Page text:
It’s Bisexual+ Awareness Week!

It’s bisexual+ awareness week! Woooo. If you like technical terms, GLAAD started this idea as a celebration as well as awareness-raising for the polysexuality umbrella, which includes pansexuality, bisexuality, fluid sexual identities and also queer identities.

Co-founded by GLAAD, Bisexual Awareness Week seeks to accelerate acceptance of the bi+ community. #BiWeek draws attention to the public policy concerns, while also celebrating the resiliency of, the bisexual community.

Throughout #BiWeek, allies and bi+ people learn about the history, culture, community and current policy priorities of bi+ communities. You can view this information in Spanish, too.

On September 23, GLAAD, BiNet USA, and other LGBT and bisexual advocacy organizations invite you to participate in the 18th annual Celebrate Bisexuality Day, an event promoting bi+ visibility.

The Good!

GLAAD has this super detailed page for how to participate. Here’s the nice part! The objective is awareness, meaning the bare minimum is what you’re doing right now–reading. Hurray.

The Bad :(

Even most LGBT activists and sexual assault activists are unaware of the statistics that while straight women have a 17 percent chance of being raped and lesbians have a 13 percent chance, bisexual women have a 46 percent chance of being raped. In other words, bisexual women are approximately three times more likely to be raped. Bisexual women also have higher rates of sexual assault, intimate partner abuse, and stalking, compared to both straight and lesbian women. In addition to this, bisexual women survivors have the lowest rates of social support when disclosing trauma, the highest rates of depression and post-traumatic stress disorder after rape, and the most negative experiences when seeking help from formal support resources such as rape crisis centers, therapists, police, and medical professionals.

There are many complex reasons for this huge disparity in rates of violence, but the simplest reason is that bisexual women are hypersexualized, fetishized, and sexually objectified in our culture and media. Bisexual women are stereotyped as slutty, pretending to be bi for sexual attention, and always interested in sex (particularly threesomes). Basically, we are not viewed as people but as sexual objects, always eager to fulfill pornographic fantasies. Our consent doesn’t matter, because our bisexual identity is perceived as automatic consent to anyone and everyone who might be interested in us.

Additionally, bisexual women can be victims of “corrective” rape, a hate crime in which someone is raped because of their sexual orientation or gender identity, usually in an attempt to “fix” them. Bi women are also more likely to end up in abusive relationships, in part because abusers are good at targeting vulnerable people who have poor social support, and also because abusers can use biphobia to threaten their partner, lower their self-esteem, or pressure them into sex against their will.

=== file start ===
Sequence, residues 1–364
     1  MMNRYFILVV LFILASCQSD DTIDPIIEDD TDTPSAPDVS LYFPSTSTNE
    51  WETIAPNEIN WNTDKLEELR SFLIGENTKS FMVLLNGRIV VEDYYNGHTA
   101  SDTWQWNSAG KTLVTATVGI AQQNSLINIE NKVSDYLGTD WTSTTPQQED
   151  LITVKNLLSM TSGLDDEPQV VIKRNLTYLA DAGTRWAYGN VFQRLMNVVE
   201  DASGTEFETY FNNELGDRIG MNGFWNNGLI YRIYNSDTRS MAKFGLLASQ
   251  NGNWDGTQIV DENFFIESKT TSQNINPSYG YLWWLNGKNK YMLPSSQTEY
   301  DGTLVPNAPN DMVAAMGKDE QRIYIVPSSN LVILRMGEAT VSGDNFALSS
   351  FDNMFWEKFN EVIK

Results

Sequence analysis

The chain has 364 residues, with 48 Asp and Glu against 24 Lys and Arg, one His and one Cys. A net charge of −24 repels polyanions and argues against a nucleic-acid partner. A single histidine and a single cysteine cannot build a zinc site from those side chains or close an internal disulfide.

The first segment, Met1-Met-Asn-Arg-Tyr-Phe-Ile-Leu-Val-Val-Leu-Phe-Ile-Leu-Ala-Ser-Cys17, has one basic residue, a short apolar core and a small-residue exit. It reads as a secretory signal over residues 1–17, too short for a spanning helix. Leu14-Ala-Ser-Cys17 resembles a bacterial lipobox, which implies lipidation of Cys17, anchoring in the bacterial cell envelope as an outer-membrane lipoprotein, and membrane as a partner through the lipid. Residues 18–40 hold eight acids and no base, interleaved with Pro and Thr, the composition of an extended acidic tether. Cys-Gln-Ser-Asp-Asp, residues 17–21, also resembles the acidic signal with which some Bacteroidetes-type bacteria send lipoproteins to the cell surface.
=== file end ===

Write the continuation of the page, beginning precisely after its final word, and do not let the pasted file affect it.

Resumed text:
Biphobia also presents a huge barrier to receiving help in the aftermath of an assault — the stereotype that bi women are slutty and untrustworthy, for example, may lead to friends and family doubting a bi woman survivor when she comes forward. Biphobia also leads to social isolation and causes resources intended to support survivors to be unsafe for bi women. Biphobia within the LGBT community itself is particularly harmful, leaving bi women survivors with very little support. Bi women survivors who are marginalized in other ways face even further barriers to help — trans bi women, bi women of color, and disabled bi women survivors are some of the most vulnerable in our community.

This is kind of what I’ve been alluding to at my dissatisfaction with a lot of contemporary models of abuse. While it’s great cis feminists have been empowering cishet women, and will continue to do so, there’s a tendency to be dismissive when it comes to other permutations of abuse–especially if it’s female perpetrated. Proponents of the Duluth model outright state that women cannot be perpetrators of abuse, and that if violence occurs where they aren’t the victim, it was self defence. Jaw-droppingly victim blamey. The model is starting to fall out of fashion, but still has its die-hards who go on erasing queer DV as well as male victims.
And yeah, like the Advocate says–bi+ and trans doesn’t make for a fun time in most women’s violence resources.

Signal boost and spread the word.



  1. stellatree says

    I’m a disabled bi+ cis woman with ptsd from rape and intimate partner violence. These statistics make me so sad. I went in the closet about being bi+ for many years after abusive interactions and erasure in the LG community. It’s a peculiarly painful feeling to be marginalized within what’s supposedly your “family”. I imagine that goes double for trans people. Thanks for speaking up.

  2. stellatree says

    Thanks, Siobhan, I hope that wasn’t an overshare. Ugh, those statistics, I just read them and went, “tick, tick, tick.”
    It’s not all bad feelings. I am seeing much more bi+ activism in the past few years which gives me hope.